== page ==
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July 10, 2018
European Commission paper offers guidance on hallmarks making cross-border arrangements reportable under new mandatory transparency rules
On 25 June 2018, the Council of the European Union (EU) Directive 2018/822 of 25 May 2018 amending Directive 2011/16/EU with respect to mandatory automatic exchange of information in the field of taxation in relation to reportable cross-border arrangements (the Directive) entered into force.1 The Directive sets forth rules on the mandatory disclosure and automatic exchange of certain cross-border reportable arrangements.
Based on the Directive, Member States (MS) are required to transpose the Directive into national laws by 31 December 2019. However, the Directive includes a provision that requires cross-border reportable arrangements, where the first step of implementation is taken between 25 June 2018 and the date of application of the Directive (1 July 2020), to be included in the reporting obligation which will be introduced through such national legislation. The first reporting is required by 31 August 2020.
The scope of the cross-border arrangements to be reported is relatively broad and may lead to extensive reporting obligations for both intermediaries and – mainly corporate, but also individual – taxpayers. Reporting obligations for cross-border arrangements are triggered by certain hallmarks (or characteristics). These hallmarks target a relatively wide range of cross-border arrangements.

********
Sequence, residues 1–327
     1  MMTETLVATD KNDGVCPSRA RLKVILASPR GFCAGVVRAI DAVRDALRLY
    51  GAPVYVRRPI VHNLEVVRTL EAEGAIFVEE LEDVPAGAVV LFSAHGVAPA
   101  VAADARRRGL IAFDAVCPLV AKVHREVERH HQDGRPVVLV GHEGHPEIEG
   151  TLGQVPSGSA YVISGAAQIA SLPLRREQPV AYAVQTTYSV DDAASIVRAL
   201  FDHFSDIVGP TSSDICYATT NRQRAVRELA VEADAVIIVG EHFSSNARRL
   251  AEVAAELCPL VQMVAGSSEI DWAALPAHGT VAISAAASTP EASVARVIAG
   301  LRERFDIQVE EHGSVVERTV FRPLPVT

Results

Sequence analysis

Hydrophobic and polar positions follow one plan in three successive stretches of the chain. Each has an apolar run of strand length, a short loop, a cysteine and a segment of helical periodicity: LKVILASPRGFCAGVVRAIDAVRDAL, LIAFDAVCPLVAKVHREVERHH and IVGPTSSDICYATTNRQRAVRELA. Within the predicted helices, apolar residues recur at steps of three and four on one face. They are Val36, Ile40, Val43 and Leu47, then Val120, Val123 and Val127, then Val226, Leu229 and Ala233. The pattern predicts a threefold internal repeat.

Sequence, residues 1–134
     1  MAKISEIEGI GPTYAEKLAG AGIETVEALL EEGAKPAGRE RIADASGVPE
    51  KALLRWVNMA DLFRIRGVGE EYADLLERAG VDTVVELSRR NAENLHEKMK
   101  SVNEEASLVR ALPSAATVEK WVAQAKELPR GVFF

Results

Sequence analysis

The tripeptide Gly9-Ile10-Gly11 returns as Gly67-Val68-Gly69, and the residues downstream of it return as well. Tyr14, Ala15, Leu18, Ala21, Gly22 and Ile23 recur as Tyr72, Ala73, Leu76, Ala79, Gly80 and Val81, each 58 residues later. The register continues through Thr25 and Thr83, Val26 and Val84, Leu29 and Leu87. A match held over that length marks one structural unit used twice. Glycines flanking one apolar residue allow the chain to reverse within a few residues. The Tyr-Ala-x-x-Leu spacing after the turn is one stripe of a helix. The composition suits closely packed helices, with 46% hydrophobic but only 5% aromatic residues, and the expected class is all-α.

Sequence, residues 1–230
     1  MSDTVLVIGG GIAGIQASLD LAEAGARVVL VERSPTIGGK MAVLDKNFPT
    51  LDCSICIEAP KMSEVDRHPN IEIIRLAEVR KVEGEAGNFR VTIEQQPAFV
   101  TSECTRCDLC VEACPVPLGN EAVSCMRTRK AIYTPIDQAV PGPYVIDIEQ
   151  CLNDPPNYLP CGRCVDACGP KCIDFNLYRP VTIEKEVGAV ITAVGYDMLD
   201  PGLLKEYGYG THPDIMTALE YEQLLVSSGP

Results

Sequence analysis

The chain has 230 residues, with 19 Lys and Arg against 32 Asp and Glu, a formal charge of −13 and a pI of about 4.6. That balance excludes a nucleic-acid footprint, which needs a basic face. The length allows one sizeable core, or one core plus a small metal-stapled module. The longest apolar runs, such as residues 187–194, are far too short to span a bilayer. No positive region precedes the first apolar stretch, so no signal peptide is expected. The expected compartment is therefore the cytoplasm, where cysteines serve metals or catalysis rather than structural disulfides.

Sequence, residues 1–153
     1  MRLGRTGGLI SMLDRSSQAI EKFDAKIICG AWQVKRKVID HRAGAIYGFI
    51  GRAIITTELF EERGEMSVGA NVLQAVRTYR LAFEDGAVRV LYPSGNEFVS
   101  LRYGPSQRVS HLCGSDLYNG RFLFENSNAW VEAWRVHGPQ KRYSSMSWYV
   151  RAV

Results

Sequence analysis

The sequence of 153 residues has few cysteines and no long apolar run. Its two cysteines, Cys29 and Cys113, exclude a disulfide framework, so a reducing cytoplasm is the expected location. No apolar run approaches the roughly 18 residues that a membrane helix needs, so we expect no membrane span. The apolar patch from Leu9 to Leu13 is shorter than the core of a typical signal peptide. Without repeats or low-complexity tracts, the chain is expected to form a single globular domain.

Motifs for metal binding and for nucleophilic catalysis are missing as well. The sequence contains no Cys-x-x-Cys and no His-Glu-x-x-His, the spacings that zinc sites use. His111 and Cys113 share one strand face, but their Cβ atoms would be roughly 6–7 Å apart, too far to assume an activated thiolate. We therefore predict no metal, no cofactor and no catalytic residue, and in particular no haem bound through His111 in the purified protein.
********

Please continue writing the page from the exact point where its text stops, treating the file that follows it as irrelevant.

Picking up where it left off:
Currently, besides the text of the Directive, there is no explanatory guidance describing the intentions behind the Directive. This makes it difficult for intermediaries and taxpayers to determine the scope of the cross-border reportable arrangements to be reported in 2020. For more insights into the type of cross-border arrangements intended to be covered, EY made a request to the European Commission for the document used in the deliberations between EU MS when developing the Directive.2 It is important to note that the document was discussed on 27 September 2017, while the Directive was adopted on 25 May 2018. Consequently, some of the hallmarks were significantly changed throughout the process. However, the document provides more insights into the intentions behind the hallmarks included in the Directive.
Scope of the Directive
The Directive broadly reflects the objectives of Action 12 (Mandatory Disclosure Rules) of the Organisation for Economic Co-operation and Development's (OECD) Base Erosion and Profit Shifting (BEPS) project. The Directive introduces mandatory disclosure rules across the EU, but it goes beyond the OECD recommendations by introducing automatic exchanges of the disclosures between MS.
With the Directive, the European Commission seeks to boost transparency and to tackle what it sees as aggressive cross-border tax planning. The Directive imposes a new obligation on EU-based tax consultants, banks, lawyers, other intermediaries or relevant taxpayers to disclose any cross-border arrangement that contains one or more features or "hallmarks."